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WLAN Standards, Cisco-Style

When I reviewed Cisco's wireless LAN security system in 2001, I was impressed with its functionality but couldn't recommend it to most people because Cisco's proprietary LEAP authentication scheme locked you into Cisco's NICs. If you purchased a Dell notebook with embedded wireless, it wouldn't work with Cisco's system.

Looking back, I have a better appreciation of Cisco's frustration with my conclusions. Here we are two years later, and there's still no standards-based wireless security system available. And though there's hope that 802.11i eventually will be passed, the situation is so bad that the Wi-Fi Alliance felt the need to step in and define its own security standard, known as WPA (Wi-Fi Protected Access).

Cisco finally concluded that enough is enough. It's losing enterprise WLAN infrastructure sales every day because of the lack of interoperable security standards. So rather than wait, Cisco is creating its own standards, which it calls Cisco Compatible Extensions, and licensing the technology at no cost to all the major WLAN chipmakers. The result: Before long, you'll be able to get LEAP support on non-Cisco NICs, making Cisco's system a more open solution.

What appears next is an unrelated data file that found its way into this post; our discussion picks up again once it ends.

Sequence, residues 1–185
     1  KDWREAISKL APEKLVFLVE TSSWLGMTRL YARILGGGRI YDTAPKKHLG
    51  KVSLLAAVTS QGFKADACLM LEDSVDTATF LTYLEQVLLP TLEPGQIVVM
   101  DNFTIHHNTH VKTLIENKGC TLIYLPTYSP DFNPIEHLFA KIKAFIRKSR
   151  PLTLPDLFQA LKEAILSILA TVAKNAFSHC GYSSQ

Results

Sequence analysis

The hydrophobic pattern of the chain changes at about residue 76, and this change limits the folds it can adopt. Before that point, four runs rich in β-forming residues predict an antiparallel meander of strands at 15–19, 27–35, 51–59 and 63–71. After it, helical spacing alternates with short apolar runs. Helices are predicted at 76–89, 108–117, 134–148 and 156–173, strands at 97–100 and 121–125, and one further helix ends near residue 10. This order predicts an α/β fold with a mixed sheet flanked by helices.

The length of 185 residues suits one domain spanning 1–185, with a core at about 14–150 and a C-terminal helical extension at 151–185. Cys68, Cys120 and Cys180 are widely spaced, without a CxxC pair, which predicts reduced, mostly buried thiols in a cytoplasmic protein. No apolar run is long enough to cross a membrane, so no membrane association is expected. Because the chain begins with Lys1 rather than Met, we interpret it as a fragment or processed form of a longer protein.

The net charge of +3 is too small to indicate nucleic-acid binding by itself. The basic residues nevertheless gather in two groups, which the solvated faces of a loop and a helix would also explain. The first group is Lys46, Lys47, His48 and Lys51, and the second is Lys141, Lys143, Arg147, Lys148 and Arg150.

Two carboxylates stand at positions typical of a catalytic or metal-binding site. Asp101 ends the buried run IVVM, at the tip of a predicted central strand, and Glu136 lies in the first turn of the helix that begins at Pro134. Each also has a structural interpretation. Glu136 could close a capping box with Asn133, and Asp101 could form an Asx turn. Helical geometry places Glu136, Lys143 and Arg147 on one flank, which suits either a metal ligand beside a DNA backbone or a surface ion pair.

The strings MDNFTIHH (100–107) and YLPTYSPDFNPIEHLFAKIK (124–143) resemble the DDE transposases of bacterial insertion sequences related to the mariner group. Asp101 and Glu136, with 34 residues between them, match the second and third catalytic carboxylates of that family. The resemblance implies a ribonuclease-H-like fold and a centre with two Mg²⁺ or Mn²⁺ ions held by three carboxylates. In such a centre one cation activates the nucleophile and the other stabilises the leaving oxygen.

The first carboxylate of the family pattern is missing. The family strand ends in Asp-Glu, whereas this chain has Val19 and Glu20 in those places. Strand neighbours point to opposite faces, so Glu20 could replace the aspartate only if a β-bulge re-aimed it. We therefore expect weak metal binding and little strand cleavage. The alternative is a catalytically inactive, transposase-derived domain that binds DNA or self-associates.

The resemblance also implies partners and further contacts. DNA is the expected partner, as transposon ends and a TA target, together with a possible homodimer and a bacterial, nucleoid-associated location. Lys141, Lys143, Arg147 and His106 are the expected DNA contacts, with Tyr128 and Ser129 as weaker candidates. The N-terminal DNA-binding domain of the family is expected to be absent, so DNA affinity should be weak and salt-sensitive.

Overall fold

If Cisco had stopped there, industry insiders would have grumbled and their customers would have a workable solution to their problems. But Cisco chose to go beyond no-cost licensing and introduced a certification and branding program as well. In short, Cisco made this a marketing event. Cisco argues that the only way to guarantee interoperability is to certify products. I don't buy that. The technology is not so complex that vendors can't perform internal testing. Yes, some implementations may have bugs, but certification is no guarantee of interoperability because vendors often change their products after certification has been completed.

Cisco is today's dominant market force in WLAN infrastructure, not only because of its market leadership in wired infrastructure but also because it offers excellent products. To grow the industry as a whole, Cisco needs to avoid even the appearance that it's thwarting standards, and by that measure, Cisco Compatible Extensions is a bad idea.